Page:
It was clear from the start of the project that Sealed Air’s legacy sales and service applications lacked the functionality to serve as the foundational platform for the commerce transformation journey. When Sealed Air acquired the Diversey Care division in 2011, it began the process of moving the entire company onto SAP ERP. Sales and service, however, were run on several different non-SAP applications. Moving to a centralized CRM solution was important for Sealed Air to be able to bring its new approach to customer engagement to all three business units, and even though the company ran SAP software for mission-critical processes, it still undertook a rigorous search for a solution.
“We did an extensive evaluation consisting of several dimensions. The mandate that came from the center of excellence was that this was not going to be a tool selected by management, but rather by the sales and service professionals who would use the tool,” Kandasami says. “They ultimately made the decision.”
In November 2015, a sales and service council made up of personnel around the world, most of whom helped develop the overall commercial objectives and system requirements, chose to implement SAP Hybris Cloud for Customer and SAP Hybris Commerce.
Conversations have flipped from being a product-priced conversation to being about how to drive value for the customer, which is at the core of how we interact with our customers today.
Real Time and Right Time
According to Kandasami, SAP Hybris Cloud for Customer and SAP Hybris Commerce were chosen because of the simplified integration with the SAP ERP back end, and because the SAP Hybris solutions for sales and service, running on SAP HANA, came closest to meeting all the requirements specified by the end users.
Pre-built integration layers to the back end provided users with unfettered access to data. This helped to significantly decrease the administrative tasks that were a hallmark of the legacy system. Sales and service previously spent a great deal of time trying to access relevant data and making sense of that information, which is time that would have been better spent in the personal customer interactions that SAP Hybris solutions helped provide.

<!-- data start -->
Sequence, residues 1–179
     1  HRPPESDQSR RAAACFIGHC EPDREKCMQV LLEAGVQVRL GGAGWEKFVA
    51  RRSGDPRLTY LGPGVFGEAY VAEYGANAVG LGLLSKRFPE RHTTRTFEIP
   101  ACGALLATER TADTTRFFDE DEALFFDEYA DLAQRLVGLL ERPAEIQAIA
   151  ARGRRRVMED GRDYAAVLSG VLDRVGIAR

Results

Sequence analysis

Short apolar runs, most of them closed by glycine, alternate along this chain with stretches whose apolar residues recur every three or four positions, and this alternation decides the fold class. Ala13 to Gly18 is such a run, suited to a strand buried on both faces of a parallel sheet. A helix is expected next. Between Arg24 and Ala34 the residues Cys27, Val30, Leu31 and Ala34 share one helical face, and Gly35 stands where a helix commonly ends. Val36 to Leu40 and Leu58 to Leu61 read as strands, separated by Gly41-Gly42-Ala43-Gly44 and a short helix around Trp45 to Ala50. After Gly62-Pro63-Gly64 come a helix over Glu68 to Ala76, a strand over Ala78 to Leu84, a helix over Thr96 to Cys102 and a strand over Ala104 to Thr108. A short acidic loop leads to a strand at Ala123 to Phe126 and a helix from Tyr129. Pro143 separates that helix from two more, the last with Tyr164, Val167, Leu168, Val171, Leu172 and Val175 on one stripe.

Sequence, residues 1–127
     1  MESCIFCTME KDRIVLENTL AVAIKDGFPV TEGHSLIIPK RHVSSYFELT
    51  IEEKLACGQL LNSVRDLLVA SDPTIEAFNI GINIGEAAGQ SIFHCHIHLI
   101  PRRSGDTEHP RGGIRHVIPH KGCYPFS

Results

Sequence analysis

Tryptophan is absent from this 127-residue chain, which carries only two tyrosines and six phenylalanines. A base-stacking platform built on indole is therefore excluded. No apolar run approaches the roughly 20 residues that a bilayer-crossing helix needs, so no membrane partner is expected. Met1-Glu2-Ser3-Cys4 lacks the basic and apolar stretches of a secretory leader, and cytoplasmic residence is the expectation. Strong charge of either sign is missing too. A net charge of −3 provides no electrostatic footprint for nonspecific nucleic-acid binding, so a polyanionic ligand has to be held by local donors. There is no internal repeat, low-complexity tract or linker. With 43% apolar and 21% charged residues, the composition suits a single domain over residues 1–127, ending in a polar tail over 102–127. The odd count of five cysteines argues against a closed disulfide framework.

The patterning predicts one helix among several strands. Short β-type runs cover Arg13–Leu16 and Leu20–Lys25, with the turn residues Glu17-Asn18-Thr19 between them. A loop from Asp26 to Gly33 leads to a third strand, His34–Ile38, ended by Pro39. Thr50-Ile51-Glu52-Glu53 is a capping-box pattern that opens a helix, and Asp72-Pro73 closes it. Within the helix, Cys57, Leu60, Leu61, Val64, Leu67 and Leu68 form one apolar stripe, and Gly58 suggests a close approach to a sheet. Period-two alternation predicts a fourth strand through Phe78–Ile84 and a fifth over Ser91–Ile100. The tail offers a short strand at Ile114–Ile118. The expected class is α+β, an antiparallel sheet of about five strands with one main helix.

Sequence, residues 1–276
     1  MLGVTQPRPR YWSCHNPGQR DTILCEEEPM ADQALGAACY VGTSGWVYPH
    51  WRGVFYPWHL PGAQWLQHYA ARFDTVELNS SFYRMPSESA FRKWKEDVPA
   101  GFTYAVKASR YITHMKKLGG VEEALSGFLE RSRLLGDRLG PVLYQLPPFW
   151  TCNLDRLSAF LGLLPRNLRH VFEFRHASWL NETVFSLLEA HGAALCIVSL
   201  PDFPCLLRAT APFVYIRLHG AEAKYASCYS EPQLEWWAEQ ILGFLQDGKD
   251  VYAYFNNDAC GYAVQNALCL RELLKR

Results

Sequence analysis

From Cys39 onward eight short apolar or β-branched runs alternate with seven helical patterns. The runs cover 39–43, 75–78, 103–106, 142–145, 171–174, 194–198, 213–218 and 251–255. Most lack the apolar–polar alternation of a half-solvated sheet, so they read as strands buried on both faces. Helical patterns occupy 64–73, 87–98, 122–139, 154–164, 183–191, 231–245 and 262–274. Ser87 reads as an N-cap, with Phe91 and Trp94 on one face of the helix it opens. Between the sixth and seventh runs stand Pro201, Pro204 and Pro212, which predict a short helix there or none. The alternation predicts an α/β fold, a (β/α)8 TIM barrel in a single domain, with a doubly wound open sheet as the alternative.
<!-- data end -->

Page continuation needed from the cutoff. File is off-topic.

“The solutions provide the ability to access and consume data in a much more seamless and faster fashion,” says Kandasami. “Looking at sales productivity, for example, the traditional platform we had did not offer mobility, offline capabilities were rudimentary, and adoption would suffer because people would revert back to using spreadsheets.”
By consolidating data into a single sales, service, and marketing platform with SAP Hybris solutions and making that data available from a single repository, a salesperson in the field could find all the information needed about a specific customer just before heading into a sales call.
As Kandasami points out, the fact that the system runs on the in-memory SAP HANA database to provide almost instantaneous results was only a part of the newfound capabilities. “Real-time is nice, but the ‘right time’ is also very important,” he says. “Having the right information at our fingertips drives relevancy for our sales and service people to ensure what they’re merchandising or commercializing with the customer is value-added data. It is no longer enough to only tell customers when their shipments will arrive.”
A Foundational Change
For users accustomed to compiling and storing customer information in spreadsheets, the transition to SAP Hybris Cloud for Customer took some getting used to, although acceptance was good as a result of users providing their input during requirements gathering and evaluation.
“Change management can always be a challenge, so it’s important to spend a lot of time on training and support for sales and service teams as they move to the new platform,” Kandasami says. “We had a fair amount of positive feedback, as being able to access data in real time tends to overshadow most complaints.”
As far as migration, Kandasami says a stringent testing schedule helped Sealed Air stay on track with little to no business disruption. “We had put a significant amount of work into getting the platform ready, so we were able to turn the switch on about six weeks before the actual go-live,” he says. “So other than a few hiccups here and there, it was an overall smooth go-live.” As of February 2017, roughly 1,000 end users had made the switch to SAP Hybris Cloud for Customer. Kandasami says that over the next 18 months the number of users will increase significantly across the globe.
Once the company reaches a critical mass of users, it expects that the pillars it identified as the framework for transforming customer interactions will begin to pay increasing dividends. The likely result of capturing more and more insights from how its customer engagement strategy translates to value for customers will mean even greater value — and happier customers.
“With the framework in place, and a formalized process and the technology platform to support it, we expect to have a better understanding of how we go to market. The vision at the end of the day comes from that fourth and final pillar, which is insight. By having a strong foundation of structured data, we can start to leverage that pillar to be a strategic differentiator.”